Sport Cycling Stuart O’Grady and the TDU: An astonishing lack of scrutiny

Stuart O’Grady and the TDU: An astonishing lack of scrutiny

Stuart O'Grady wins the 14th stage of the Tour de France in 1998. He says he dosed himself with EPO before the race. Photo: AP
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For celebrated cyclist Stuart O’Grady, his career progression barely stalled after confessing to blood doping during the infamous 1998 Tour de France.

He didn’t suffer any lasting penalty or punishment of any significance, apart from enduring embarrassment.

The Stuart O’Grady Bikeway in Adelaide’s north keeps his name.

This week, his smooth post-confession professional life reached another pinnacle – anointed as the next race director of the Tour Down Under.

You might imagine that the director of Australia’s premier cycling race should have an impeccable record.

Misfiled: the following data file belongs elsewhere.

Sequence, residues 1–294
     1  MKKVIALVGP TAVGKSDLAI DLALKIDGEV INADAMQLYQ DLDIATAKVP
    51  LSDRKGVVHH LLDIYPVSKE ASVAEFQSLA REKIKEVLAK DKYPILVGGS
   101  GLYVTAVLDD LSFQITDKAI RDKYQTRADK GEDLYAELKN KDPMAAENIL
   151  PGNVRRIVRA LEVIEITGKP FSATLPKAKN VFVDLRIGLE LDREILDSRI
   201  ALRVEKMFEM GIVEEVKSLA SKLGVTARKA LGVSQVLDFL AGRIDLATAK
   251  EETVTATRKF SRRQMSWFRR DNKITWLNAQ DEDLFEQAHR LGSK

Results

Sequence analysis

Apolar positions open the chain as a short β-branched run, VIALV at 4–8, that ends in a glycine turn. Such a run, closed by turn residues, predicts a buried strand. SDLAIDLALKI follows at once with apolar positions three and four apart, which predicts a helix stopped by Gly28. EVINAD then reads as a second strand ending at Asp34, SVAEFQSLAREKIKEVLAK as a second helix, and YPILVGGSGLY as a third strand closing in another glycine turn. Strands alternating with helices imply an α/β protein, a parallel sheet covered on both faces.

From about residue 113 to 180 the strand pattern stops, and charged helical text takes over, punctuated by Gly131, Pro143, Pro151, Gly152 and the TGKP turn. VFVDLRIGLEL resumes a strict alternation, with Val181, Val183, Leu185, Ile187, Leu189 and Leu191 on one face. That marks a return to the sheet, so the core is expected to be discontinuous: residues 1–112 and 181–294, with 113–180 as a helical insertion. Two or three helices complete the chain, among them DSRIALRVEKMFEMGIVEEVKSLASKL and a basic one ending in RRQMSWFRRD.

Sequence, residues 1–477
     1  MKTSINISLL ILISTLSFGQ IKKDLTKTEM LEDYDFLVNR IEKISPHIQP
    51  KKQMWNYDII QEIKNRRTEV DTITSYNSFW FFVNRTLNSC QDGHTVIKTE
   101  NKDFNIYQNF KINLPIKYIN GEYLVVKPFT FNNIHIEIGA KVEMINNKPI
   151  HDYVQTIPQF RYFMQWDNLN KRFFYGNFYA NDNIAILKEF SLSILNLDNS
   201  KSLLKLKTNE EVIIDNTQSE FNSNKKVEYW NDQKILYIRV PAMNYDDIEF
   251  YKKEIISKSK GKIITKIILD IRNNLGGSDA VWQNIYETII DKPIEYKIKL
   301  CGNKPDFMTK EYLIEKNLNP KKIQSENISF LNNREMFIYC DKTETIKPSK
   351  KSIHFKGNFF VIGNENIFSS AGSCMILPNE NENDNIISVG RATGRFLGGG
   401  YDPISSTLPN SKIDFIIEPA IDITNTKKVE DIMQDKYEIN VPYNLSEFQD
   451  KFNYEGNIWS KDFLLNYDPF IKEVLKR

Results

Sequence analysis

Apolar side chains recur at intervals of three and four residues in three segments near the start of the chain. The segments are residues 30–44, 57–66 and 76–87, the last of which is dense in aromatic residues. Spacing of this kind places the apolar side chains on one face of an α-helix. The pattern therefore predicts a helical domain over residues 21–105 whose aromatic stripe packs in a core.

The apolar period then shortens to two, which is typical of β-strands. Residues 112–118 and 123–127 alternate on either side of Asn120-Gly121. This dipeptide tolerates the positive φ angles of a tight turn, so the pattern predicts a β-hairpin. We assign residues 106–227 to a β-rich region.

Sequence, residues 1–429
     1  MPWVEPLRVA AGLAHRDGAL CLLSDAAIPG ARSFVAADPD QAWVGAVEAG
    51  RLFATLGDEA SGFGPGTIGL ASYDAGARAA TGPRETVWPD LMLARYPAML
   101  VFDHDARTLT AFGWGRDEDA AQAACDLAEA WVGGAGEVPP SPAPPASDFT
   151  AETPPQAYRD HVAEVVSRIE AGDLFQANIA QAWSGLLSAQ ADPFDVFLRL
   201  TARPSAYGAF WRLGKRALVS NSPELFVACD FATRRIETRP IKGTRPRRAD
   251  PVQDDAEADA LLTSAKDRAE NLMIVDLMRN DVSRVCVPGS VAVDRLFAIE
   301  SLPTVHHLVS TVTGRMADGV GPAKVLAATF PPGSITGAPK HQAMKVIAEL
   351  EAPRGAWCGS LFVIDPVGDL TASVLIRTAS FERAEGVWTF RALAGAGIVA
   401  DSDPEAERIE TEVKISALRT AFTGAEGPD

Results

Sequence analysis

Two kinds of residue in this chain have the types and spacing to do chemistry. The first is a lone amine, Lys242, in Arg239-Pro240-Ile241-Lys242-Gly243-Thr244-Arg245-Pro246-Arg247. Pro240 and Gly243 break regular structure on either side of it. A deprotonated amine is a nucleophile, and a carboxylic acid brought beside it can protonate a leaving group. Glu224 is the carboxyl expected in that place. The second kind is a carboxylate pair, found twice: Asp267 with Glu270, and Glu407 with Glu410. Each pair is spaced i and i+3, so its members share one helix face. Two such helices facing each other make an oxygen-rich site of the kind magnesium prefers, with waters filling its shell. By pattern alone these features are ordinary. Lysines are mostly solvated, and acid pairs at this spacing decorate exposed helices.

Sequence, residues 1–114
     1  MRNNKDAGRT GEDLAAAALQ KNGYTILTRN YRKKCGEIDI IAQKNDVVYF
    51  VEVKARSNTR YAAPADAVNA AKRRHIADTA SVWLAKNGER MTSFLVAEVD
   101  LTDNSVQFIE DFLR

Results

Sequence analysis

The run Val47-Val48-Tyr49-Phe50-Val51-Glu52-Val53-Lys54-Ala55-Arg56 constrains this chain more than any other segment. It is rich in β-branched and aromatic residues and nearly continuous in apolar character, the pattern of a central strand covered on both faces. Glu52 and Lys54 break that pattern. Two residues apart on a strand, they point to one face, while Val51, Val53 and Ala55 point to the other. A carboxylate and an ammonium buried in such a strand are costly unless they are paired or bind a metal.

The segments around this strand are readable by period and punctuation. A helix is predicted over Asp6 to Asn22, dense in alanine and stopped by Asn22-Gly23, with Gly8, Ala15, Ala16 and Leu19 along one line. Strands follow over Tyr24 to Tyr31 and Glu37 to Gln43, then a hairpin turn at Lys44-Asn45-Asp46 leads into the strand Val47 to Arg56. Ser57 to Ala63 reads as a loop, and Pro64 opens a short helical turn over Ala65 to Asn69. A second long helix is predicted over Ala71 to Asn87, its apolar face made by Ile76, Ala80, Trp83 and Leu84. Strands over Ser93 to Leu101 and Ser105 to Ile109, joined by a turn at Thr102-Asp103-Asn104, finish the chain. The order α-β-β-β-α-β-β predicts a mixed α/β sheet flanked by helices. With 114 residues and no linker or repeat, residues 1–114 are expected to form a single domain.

The state government, Events SA, much of the local media and the cycling community apparently have a different view.

Back in 2013, O’Grady shocked the racing world by revealing he had taken the blood-boosting agent EPO in the lead-up to the 1998 Tour de France.

He insisted it was a one-off and that he had made the decision alone – driving over the French border to source the agent from a pharmacy and self-administering it.

It’s a story that has been widely accepted.

O’Grady, an Olympic gold medallist and considered one of Australia’s greatest cyclists, is liked and respected in South Australia, so much so that the Liberal government – who made much of serial drug cheat Lance Armstrong’s embarrassing connection to the Tour Down Under – was happy to take a reputational risk on making him the face of the event.